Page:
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  Note: I am writing this as a "short" writing example for some students that I am substitute teaching this week. But the subject has been on my mind! The fall of my freshman year of high school, one of my classmates was in a car accident and lost the ability to use her legs. She returned to school a few months later in a wheelchair, and our class rallied around her. She was exactly like she had been before the accident - the only difference was that she was wheeling around the buildings.  Adjustments needed to be made so that she could do things just like the rest of us, and I don't think anyone minded. She was in our touring choir, so either the churches needed to be handicap accessible or some of our stronger seniors carried her around. When we had end-of-semester concerts and graduations in the gym, the stage that was set up now needed a ramp. When it came to parties, chapel, classes, or even attending the football games, everyone made sure she could be included.  As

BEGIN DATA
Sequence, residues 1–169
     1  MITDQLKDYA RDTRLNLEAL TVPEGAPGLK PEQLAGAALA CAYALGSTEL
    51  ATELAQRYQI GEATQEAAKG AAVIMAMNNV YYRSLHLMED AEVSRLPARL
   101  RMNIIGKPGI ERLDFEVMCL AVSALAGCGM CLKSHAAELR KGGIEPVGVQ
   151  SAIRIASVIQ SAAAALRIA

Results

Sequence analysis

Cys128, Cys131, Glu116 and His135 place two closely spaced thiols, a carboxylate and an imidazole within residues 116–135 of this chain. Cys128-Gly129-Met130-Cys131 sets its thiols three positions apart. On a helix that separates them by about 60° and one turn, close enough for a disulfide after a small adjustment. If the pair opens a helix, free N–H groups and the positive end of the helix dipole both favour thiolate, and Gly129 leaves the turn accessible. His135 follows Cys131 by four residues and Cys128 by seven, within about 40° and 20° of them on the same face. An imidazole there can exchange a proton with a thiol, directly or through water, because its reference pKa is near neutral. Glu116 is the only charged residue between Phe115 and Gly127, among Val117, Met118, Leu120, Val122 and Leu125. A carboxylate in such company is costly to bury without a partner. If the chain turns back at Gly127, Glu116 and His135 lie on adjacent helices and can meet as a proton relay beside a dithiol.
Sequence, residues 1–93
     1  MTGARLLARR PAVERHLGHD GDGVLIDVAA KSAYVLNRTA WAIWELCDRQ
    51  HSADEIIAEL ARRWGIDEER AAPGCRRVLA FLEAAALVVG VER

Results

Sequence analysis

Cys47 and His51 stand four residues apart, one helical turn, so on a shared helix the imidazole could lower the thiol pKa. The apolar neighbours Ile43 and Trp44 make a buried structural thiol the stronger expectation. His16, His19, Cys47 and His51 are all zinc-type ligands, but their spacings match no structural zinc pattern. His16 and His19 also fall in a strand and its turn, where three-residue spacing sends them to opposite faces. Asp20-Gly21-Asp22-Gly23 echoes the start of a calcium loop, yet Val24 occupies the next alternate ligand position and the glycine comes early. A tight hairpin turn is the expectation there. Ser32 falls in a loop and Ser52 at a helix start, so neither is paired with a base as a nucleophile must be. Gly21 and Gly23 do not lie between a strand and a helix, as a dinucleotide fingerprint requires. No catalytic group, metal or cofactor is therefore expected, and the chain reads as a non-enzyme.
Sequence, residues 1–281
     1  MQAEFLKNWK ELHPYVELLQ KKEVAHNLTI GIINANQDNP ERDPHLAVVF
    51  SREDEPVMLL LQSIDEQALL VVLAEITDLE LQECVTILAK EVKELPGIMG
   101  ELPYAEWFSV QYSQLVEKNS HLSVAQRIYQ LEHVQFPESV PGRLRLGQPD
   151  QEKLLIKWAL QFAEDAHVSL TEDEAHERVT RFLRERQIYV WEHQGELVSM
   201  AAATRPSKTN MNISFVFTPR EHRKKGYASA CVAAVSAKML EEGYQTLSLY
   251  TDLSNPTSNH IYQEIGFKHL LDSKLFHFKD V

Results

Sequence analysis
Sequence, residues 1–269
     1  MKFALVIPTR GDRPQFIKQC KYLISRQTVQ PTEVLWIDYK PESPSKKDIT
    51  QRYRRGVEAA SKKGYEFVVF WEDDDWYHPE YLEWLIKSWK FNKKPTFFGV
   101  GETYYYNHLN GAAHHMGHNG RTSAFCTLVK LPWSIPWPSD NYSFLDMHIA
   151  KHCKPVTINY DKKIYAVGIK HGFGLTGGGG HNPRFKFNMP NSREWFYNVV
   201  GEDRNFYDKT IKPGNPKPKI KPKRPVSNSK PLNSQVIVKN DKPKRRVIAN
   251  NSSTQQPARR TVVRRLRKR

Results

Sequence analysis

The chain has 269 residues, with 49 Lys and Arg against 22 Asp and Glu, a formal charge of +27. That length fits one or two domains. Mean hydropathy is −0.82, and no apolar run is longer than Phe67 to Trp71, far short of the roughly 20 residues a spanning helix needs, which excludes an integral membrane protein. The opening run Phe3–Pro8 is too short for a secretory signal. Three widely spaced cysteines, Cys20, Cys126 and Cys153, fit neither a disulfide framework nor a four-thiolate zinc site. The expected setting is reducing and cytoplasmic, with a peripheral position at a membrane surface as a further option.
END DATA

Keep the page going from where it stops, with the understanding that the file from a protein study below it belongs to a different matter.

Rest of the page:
Track and Field Returns: Observations from Two Meets

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Well I made a determination that I would start posting every week starting in 2021, so it's kind of a fluke that I'm posting just a week after my triumphant return. But we had not one, but two  athletics competitions in Europe this week, so I feel compelled to share my joy of watching both those meets.  The first meet was the Paavo Nurmi Games, held in Finland on Tuesday. For all intents and purposes, the meet looked like a regular meet. Masks were not required by fans (and there were fans in the small stadium) and all the competitions went ahead as planned. There were throwing, jumping, and running events. The setup of the field looked like usual, too.  Finland has very few cases of COVID-19 at the moment, so their risk levels are quite low compared to the rest of mainland Europe.  (You might wonder why I'm mentioning these things. Stay tuned for the Diamond League information, and you'll know why.) Since the meet was a World Athletics (the name of the official governi

Let's Do This All Over Again